Fourth, Frank does not avoid the not-so-sexy side of group sex. She fearlessly includes topics such as gang rape, sexual overindulgence to the point that it interferes with one's life - these are areas of discussion which serve to deepen her argument and she does not shy away from their role in her analysis.
Finally, the core brilliance of this book is the central theme of how marginalized/stigmatized group sex practices are, which leads one to ask the question, "Why risk all of this for sex?" Frank's answer is repeated again and again, in every chapter, through every example: "It's never just about sex."
The big lesson from all the facets of Frank's study, and it might be an obvious one, is that group sex is always transgressive. Anthropologists have found few universal taboos, but "having sex willingly in the presence of observers or with multiple partners crosses a line of social propriety in many societies. Where these lines are drawn is, of course, highly variable." Although group sex is transgressive, it is not anarchic; this is one of the themes that runs throughout the chapters here. "Even in a setting where encounters might be anonymous, then, group sex remains organized, monitored, and patterned." The lesson in chapter after chapter here, however, is, "Far from being a `free-for-all,' group sex is highly negotiated. When humans breach norms of sexual privacy - even as they aim for transgression - they do not do so in random or senseless ways." And always: No Means No. Frank briskly explains the idea of sperm competition, but perhaps we are not going to be able to explain fully what makes sex fun, or what makes group sex fun, beyond, "It feels good." There is, of course, the novelty of having other people around; we non-swingers seldom get an opportunity to see, or to learn from, other people in actual lovemaking. And also we do not get to see, pity us, group demonstrations of the Orgasmatron, Orgasmator, or the Spank-O-Matic.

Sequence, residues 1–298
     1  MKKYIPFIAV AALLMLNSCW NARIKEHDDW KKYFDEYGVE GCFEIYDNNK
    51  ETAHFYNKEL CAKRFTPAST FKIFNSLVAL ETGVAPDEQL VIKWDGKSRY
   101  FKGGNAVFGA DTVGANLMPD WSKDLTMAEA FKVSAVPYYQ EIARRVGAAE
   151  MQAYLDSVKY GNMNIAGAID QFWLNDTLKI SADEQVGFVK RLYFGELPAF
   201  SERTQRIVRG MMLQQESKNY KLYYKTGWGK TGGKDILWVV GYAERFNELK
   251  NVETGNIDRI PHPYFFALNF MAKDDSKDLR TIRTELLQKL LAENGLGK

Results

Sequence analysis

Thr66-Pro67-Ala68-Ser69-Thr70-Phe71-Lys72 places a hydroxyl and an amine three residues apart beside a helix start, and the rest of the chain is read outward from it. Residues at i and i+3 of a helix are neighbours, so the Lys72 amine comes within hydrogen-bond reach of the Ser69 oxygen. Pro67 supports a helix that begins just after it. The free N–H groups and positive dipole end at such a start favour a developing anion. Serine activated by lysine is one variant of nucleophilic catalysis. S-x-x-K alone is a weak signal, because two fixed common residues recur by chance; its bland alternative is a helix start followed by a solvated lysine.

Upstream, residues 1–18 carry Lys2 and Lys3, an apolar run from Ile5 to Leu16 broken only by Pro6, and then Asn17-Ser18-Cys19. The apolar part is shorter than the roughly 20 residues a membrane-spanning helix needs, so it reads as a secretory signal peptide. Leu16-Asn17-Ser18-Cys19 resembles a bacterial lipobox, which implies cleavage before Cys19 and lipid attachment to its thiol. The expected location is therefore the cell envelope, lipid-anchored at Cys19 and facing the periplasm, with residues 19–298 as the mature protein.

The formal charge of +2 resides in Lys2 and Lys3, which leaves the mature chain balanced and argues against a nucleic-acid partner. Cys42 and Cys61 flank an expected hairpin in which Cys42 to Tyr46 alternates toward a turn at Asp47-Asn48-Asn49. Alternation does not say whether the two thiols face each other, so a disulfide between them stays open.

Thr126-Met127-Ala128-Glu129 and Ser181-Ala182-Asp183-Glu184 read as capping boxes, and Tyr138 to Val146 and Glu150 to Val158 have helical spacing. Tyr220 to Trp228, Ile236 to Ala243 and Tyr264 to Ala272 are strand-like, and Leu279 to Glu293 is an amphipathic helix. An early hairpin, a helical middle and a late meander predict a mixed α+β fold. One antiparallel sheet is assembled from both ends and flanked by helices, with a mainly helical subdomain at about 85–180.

Frank's wide-ranging book takes in a lot of territory. Did you know, for instance, that in the virtual world Second Life people "earn, save, and spend. They make friends, fall in love, get married, have children, cheat, and get divorced. And, of course, they have sex (usually after buying genitals, which aren't included with the basic model.)" She looks at the very dubious stories about "key parties," during which (as in the film _The Ice Storm_, guys put their keys in a bowl and each wife picks a random key to select whom she will drive home with for the night. Such things probably never happened. There are other ways of randomly finding partners, like sex clubs with dark rooms, or Craigslist. She looks at the young people in Iran who have sex parties as an expression of rebellion against repression, and, oh yes, "It's just fun! It's what we do for fun!" She does get to go to the Playboy Mansion, where, just as you would expect, the stories about the goings-on are far more titillating that what actually happens. The descriptions of what goes on in Hefner's bedroom are among the least erotic passages in her book. (Frank reports them second-hand: "More recent bunnies have also spilled their carrots about what happens in Hef's chambers.") There's a great deal of research here with case studies and interviews, but there is also good humor and a healthy sense of wonder at how diverse and funny our species is.